Sunday, January 16, 2011

Wallerstein: Determination of Peoples? Which Self?

Immanuel Wallerstein, Commentary No. 297, Jan. 15, 2011

One of the guiding mantras of the twentieth century was the self-determination of peoples, of nations. It was a piety to which everyone assented in theory. But in practice, it was a very thorny, very murky subject. The key difficulty is how to determine which was the self, the people, the nation that would be entitled to determine its own destiny.

In every state, without exception, there are people in state power who argue what we have come to call a “Jacobin” position. They assert that all the citizens of that state constitute a nation, one that has already determined its destiny. We talk of nation-states as though the Jacobin principle were a reality rather than a political aspiration. Jacobins say that the state should be reinforced and strengthened by refusing to recognize the right, the legitimacy of any so-called intermediate group to stand between the state and the citizens. All rights to the individual; no rights to groups.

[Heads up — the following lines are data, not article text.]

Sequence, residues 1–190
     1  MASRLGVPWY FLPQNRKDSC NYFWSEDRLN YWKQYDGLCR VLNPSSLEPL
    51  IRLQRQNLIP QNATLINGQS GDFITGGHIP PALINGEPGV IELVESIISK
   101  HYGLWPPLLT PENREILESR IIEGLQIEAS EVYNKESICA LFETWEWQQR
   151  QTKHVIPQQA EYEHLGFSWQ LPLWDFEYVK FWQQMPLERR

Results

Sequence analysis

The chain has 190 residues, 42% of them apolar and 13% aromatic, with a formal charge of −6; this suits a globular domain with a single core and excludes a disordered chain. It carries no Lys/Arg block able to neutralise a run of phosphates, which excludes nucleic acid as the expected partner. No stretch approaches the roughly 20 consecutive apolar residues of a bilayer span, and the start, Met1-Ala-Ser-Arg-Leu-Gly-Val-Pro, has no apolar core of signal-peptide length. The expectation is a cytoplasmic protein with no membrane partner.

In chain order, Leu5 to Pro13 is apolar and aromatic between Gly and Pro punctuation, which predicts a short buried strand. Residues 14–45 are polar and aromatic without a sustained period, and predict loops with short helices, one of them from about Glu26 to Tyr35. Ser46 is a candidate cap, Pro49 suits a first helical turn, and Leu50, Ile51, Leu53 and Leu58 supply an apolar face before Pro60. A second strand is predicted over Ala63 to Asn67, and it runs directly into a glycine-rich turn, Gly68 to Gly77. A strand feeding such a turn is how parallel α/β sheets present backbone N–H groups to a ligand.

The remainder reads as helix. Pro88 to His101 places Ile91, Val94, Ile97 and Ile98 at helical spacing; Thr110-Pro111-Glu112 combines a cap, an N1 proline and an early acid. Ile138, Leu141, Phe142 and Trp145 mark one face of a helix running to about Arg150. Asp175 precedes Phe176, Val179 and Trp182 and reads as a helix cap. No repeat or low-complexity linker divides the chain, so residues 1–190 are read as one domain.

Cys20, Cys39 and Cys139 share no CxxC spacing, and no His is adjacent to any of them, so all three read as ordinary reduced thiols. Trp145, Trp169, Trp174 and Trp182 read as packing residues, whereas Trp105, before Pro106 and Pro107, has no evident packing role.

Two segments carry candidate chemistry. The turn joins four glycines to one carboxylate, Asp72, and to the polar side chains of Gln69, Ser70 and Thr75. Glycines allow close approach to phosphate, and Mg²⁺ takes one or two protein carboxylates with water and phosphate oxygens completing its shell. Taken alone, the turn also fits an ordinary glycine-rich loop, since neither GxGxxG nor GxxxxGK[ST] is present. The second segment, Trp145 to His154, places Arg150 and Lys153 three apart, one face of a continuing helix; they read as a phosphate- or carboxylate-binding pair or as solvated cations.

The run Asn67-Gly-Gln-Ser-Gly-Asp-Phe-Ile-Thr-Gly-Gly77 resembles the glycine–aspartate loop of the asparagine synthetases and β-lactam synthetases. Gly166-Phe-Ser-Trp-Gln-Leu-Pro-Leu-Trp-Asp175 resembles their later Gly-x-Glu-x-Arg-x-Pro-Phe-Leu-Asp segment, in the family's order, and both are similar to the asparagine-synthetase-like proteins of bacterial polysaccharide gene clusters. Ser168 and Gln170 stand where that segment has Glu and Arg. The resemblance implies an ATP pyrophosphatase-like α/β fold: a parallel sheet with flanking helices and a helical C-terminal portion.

At the same time, in every state, again without exception, there are others – often called “minorities” – who contest this idea. They say that the Jacobin position hides the interest of some “dominant” group which maintains its privileges at the expense of all those who belong to groups other than the dominant group. The minorities (who often, but not always, comprise in fact the numerical majority of the population) argue that, unless the rights of groups are recognized, they are denied equal participation in the state.

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